• Loss of REM sleep (makes you grumpy)
• Increase plaque formation (increased chance of heart attack)
• Receptor Site activation on instability Tumor cells (enough said really)
What A Normal Cortisol Curve Looks Like
What Should You Do About It
You need to lower your exposure to your stressors! It’s that simple. Control the controllable I always say.
Things that can lead to constant exposure of low levels of cortisol could be :
Inflammatory or poor diet in general.
Lack of sleep every night
Bullying in any form
Exposure to toxins
Shitty thought patterns
An incomplete past
Get Your Act Together
I’m not telling you anything you don’t know am I? I know you just want to have a glass of wine or smoke a joint when you;re stressed. But these things only contribute to having more stress. Taking control of your life is the key to long term happiness and health. Eat better. Sleep more. Work less. Find time to do the things you love. Stop comparing yourself to others. Meditate. See friends. Have more sex. You know all this.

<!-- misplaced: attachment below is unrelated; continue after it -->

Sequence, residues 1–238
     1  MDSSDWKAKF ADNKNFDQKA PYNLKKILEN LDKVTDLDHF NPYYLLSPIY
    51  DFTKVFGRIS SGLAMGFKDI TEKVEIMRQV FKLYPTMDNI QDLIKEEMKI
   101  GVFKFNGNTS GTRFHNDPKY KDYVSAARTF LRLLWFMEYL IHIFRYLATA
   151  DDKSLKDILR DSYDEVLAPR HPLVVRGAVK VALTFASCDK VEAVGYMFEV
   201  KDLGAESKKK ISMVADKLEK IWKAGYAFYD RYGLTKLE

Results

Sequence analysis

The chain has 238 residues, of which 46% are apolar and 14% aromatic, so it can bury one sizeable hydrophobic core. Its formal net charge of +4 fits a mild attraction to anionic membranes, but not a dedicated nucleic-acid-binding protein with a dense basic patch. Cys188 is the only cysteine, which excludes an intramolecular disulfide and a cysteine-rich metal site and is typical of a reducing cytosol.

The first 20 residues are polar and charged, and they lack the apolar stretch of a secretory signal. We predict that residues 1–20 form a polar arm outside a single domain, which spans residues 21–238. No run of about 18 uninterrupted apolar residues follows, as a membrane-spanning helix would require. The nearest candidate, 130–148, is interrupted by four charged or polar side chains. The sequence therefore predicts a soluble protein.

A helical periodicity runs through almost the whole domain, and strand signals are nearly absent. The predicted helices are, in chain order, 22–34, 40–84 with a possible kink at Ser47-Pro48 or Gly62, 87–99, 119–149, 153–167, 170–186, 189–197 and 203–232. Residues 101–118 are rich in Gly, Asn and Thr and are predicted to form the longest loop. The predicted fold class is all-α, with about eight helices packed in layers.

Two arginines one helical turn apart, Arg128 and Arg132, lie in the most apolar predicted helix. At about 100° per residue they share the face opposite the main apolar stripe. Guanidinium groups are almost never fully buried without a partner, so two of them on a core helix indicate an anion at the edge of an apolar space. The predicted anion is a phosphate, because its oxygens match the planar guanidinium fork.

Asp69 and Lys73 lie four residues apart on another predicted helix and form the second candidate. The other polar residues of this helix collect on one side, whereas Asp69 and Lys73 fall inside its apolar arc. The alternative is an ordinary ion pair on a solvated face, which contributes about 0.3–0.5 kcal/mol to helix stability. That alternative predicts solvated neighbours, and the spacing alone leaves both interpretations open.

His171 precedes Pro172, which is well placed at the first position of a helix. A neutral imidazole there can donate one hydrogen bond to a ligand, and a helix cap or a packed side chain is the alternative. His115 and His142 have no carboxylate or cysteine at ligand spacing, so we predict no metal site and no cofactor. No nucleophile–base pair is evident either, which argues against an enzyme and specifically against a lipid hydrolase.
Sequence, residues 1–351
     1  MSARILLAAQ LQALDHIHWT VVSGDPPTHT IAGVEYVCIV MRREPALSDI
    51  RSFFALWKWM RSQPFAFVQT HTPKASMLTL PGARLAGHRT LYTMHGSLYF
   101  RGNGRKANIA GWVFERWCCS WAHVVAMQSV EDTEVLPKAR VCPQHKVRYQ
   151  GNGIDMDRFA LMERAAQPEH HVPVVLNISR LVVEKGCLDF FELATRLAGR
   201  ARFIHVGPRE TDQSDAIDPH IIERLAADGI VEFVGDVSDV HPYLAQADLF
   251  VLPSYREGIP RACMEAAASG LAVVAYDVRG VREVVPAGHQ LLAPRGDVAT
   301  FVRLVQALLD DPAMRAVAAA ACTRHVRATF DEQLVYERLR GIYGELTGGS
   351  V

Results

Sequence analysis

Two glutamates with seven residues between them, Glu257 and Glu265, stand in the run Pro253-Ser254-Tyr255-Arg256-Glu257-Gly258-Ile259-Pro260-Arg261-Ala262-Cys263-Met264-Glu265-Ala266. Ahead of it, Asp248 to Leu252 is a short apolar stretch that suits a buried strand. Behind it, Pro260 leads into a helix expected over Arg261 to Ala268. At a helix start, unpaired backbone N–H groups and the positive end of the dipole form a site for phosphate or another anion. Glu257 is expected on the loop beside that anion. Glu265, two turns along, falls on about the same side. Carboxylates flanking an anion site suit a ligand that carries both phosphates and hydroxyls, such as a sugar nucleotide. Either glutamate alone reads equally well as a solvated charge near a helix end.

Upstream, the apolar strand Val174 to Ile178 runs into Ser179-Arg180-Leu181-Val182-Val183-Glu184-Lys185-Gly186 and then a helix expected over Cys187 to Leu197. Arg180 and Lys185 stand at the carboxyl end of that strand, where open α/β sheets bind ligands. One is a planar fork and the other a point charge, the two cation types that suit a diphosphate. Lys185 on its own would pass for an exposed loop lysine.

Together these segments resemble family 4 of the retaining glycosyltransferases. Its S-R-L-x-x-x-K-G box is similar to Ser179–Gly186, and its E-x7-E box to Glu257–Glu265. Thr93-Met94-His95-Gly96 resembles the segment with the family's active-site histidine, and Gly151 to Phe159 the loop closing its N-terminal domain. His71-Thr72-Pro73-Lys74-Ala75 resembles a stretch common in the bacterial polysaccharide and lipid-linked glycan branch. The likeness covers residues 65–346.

It is very hard to do though ins’t it as you have to be honest with yourself and admit you are where you are because of you. When we finally get complete with this we realise the power is in our hands to change our live’s and our stressors and we are not at the mercy of someone else.
If you need help with any of this please feel free to get in contact with me and we can can work out a plan to help you get your life back on track. It is all part of the personal training journey at Strong & Lean as something as simple as elevated cortisol, will blunt your ability to get fit.
Your heart rate doesn’t lie.
Personal Trainer Bondi Junction
(1) – https://www.health.harvard.edu/blog/resting-heart-rate-can-reflect-current-future-health-201606179806